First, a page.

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11th New York Cavalry - Scotts' Nine Hundred

Item LTR-361
June 13, 1863 Daniel M. Norton
Price: $245.00

Description

4 page original Civil War soldier's letter written in period ink and war dated.

Scott’s “Nine Hundred”
U.S.V.C.
Company D

Camp Relief
Washington, DC

June 13th 1863

Dear Brother,

I received yours of the 8th yesterday and was glad to hear from you and that you are getting along so well with the work well. Jim, I am in the cookhouse now. Oh! Our Regiment was ordered off yesterday. They all started about 10 a.m. That is all that are able to go. I did not go for I can’t ride yet. It hurts my knee as yet but I am in hopes it will get over it before great while. There is seventeen left in here out of our Company. The boys were going to Poolesville. Mosby’s Cavalry (Rebs) came across the river and drove Company I up within three miles of Rockville and burned their camp. There is heavy cannonading in that direction this morning. Poolesville is about 40 miles from here and I should not wonder if the boys have some fighting before they get back. There is nothing going on here in camp now. It is pretty lonesome here too. Jim, I and Ell have some good ole times here in the cook house. But he is gone now with the boys and I am here alone to cook for seventeen only. So you see that I don’t have much to do now. This morning we had roasted beef for our breakfast. I roasted it last night and then warmed it up this morning. You may think Lenor knows how to cook but I shall have to give her a lesson when I get back. For I believe that my cooking is the best and I know that she does not cook as much at a time as I do. For that piece of beef only weighed 32 pounds and that is nothing for us to do all at once. Jim, Mr. Sackrider was here day before yesterday. He is the same ole six pence I see. I wonder how all of the Canton folks are. I guess I never have written about Mrs. Clark that is here in this Company. She is Sergeant Clark’s wife. She appears to be a very nice woman for what I have seen of her. She has three little children. The oldest one just about as large as Ella Wilson was when I came away and the youngest about as large as Eva was when I left home. She makes me think of Eva very often. Jim, if you can read this you can do better than I can. Give my best respects to all of the inquiring friends. Write soon.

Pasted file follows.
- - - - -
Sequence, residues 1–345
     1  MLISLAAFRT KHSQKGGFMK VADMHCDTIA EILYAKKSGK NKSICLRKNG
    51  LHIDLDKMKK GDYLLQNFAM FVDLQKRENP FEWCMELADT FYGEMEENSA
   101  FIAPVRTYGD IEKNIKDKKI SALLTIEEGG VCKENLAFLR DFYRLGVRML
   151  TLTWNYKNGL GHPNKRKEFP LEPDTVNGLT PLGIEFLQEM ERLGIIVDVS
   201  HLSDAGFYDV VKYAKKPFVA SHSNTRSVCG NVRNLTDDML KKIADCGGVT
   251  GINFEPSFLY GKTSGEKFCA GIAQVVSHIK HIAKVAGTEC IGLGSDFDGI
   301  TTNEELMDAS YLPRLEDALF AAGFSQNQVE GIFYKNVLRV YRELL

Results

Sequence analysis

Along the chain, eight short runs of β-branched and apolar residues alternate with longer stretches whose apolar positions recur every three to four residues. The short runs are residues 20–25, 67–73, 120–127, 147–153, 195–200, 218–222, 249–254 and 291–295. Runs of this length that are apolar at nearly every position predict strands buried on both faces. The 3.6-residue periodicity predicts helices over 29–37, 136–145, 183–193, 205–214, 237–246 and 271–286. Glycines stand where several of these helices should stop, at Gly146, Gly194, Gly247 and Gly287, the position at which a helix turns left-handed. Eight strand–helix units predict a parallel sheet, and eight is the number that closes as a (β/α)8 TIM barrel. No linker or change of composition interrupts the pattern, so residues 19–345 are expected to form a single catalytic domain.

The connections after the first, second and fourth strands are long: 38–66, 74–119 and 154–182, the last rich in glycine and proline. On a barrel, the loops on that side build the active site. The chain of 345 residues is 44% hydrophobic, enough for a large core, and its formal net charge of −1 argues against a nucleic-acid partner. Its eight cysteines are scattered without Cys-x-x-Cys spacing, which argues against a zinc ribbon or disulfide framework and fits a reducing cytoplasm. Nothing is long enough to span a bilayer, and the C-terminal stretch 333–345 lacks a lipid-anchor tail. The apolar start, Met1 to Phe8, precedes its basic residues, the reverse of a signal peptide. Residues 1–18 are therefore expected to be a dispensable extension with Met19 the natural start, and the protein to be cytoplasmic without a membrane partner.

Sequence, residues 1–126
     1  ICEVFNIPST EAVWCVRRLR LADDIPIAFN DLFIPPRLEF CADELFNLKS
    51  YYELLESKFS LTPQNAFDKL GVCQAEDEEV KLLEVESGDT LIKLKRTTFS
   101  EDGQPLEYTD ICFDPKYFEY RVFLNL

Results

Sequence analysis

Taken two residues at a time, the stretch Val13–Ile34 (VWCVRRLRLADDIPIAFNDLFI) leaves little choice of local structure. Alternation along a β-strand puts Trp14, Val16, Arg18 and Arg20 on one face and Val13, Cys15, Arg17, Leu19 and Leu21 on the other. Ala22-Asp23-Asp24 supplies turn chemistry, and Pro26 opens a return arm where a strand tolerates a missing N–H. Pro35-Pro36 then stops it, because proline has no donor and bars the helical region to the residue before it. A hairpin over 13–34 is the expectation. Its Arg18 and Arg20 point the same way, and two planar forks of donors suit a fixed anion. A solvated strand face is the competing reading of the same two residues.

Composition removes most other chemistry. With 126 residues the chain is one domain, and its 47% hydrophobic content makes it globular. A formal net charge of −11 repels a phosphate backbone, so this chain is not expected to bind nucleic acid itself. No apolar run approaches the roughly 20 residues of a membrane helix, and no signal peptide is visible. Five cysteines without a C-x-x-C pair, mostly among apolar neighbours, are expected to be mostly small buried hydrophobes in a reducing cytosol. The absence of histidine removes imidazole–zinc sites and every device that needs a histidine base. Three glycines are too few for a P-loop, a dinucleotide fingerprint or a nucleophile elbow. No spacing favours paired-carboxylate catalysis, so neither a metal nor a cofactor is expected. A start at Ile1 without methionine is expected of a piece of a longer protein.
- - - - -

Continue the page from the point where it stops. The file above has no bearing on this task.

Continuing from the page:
D. M. Norton